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Richness of history can give courage

Hong Kong has reached an era when many well-established religious organisations are reaching significant milestones of commitment to the people of the territory.

This year, the Maryknoll Fathers and Brothers marked their centennial of foundation, with a presence in Hong Kong for nearly all of that time, the Dominicans look back on 150 years, the Our Lady of Maryknoll Hospital chalks up 50 years and La Salle College in Kowloon turned 80.

During the turbulent history of Hong Kong, the people have faced plagues, hostilities—first from pirates and war lords, then world wars, foreign occupation and revolutions, as well as economic disasters and shortages of natural resources.

They have also dealt with the challenges of receiving floods of refugees and even a change in sovereignty. Through all this, these noteworthy institutions have faced and overcome incredible challenges.

Any one of these could easily have become serious enough to put an end their ministry and force them to fold up. But they did not.

It is a credit to resilience, creativity, endurance and the will to continue, as well as dedication and commitment.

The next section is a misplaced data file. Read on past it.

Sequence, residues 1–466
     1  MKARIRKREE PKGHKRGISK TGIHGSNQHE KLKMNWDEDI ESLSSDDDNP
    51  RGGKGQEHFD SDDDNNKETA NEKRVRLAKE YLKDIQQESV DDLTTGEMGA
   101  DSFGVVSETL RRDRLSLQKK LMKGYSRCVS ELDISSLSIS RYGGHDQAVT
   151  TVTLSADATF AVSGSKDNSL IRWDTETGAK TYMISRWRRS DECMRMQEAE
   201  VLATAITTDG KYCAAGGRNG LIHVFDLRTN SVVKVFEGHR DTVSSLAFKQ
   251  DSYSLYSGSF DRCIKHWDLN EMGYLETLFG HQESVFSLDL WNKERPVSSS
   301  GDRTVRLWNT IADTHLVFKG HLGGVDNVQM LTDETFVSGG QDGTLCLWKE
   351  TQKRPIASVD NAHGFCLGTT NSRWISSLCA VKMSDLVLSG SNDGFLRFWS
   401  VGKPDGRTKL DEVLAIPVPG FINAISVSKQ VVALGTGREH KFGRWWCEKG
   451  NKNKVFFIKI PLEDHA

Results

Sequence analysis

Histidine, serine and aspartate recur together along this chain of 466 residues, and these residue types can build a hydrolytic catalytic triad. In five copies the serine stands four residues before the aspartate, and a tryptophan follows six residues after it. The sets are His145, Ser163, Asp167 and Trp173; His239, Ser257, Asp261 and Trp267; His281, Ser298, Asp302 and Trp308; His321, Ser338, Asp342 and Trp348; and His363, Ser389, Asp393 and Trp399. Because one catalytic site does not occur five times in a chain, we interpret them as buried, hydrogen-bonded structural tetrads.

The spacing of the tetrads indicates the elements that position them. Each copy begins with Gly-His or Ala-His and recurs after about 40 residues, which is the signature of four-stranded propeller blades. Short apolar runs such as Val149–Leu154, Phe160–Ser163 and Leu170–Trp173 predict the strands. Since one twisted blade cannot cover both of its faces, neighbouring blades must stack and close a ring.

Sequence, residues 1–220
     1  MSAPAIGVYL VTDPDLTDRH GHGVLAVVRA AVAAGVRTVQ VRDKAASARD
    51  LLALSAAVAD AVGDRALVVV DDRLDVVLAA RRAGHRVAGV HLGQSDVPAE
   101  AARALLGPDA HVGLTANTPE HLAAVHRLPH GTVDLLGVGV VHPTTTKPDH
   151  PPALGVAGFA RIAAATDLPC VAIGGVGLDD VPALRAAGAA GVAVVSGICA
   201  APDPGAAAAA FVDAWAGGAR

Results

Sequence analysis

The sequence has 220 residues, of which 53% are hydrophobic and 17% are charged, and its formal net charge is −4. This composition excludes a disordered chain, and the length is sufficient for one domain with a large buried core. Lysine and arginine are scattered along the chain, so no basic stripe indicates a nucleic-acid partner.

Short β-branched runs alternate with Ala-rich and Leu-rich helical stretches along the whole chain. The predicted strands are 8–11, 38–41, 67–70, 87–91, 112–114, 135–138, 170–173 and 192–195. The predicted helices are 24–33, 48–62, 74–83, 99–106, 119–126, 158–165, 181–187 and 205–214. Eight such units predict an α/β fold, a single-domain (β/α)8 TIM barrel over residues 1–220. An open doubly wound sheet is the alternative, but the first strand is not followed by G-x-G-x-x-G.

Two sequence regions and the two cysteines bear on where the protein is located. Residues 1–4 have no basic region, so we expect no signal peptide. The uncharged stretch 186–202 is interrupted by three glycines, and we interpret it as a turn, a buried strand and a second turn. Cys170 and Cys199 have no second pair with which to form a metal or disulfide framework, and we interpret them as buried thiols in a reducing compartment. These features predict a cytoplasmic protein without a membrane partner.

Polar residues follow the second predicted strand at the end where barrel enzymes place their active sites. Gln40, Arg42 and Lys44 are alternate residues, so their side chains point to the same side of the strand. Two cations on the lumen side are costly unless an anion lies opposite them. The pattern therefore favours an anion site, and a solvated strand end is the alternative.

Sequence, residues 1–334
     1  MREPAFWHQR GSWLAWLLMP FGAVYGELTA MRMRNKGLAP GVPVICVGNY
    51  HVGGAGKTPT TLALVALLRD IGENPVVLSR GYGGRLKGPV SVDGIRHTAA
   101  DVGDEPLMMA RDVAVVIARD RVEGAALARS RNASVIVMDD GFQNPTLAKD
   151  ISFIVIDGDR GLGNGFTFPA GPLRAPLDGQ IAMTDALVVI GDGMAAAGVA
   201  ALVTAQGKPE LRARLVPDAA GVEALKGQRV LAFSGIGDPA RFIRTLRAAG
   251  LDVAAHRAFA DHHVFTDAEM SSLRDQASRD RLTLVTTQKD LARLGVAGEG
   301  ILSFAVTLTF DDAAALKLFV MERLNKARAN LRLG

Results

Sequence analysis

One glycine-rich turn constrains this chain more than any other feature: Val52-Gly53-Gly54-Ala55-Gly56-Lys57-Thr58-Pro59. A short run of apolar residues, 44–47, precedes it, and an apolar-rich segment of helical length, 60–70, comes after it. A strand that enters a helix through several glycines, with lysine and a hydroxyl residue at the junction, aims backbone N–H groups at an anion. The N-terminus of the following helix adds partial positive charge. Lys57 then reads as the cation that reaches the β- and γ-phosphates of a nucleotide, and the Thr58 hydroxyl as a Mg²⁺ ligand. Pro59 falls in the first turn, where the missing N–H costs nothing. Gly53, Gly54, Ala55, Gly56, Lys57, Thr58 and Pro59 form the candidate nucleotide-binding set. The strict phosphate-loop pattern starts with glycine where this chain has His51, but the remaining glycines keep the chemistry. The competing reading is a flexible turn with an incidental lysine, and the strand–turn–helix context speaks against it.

What each has demonstrated is an ability to place the needs of others before its own. They have all had the ability to keep the question, what can we contribute to the common good, as a primary focus. This has been a source of strength and prompted the wider community to continue its support.

While anniversaries are not to be gloried in, they provide an opportunity to review the past from the point of view of ongoing development. They are important in terms of the old adage, “If you want to know about the future, study the past.”

The ability to keep the common good as a focus is extremely important in terms of establishing the kingdom of God, as the Church is an institution that does not exist for its own good, but for the good of the world.

In this context it is perhaps helpful to think of mission, not as something that belongs to the Church, but to think of the Church as something that belongs to mission. It is not so much the Church that has a mission, but the mission that has a Church.

In current times, as the Church is being bombarded by restrictive forces in many parts of the world, it is important to keep in mind that it must always be at the service of the mission of God.

As the diocese awaits the outcome of a judicial review in the Court of Final Appeal over the introduction of Incorporated Management Bodies in Schools, the courage of those who have gone before us can give some comfort and confidence, as well as the courage to keep on asking the question, how can we continue to contribute to the common good, despite difficulties placed in the way.

The determination of school sponsoring bodies to keep inspiring a school with their vision is a critical factor in ensuring the creativity to find new ways, despite obstacles.

Whether this could prove an obstacle greater than what has been faced and overcome in the past is a moot point, but history is a great teacher and the presence of institutions with long and rich histories is a significant source of both inspiration and creative resource in times of uncertainty. JiM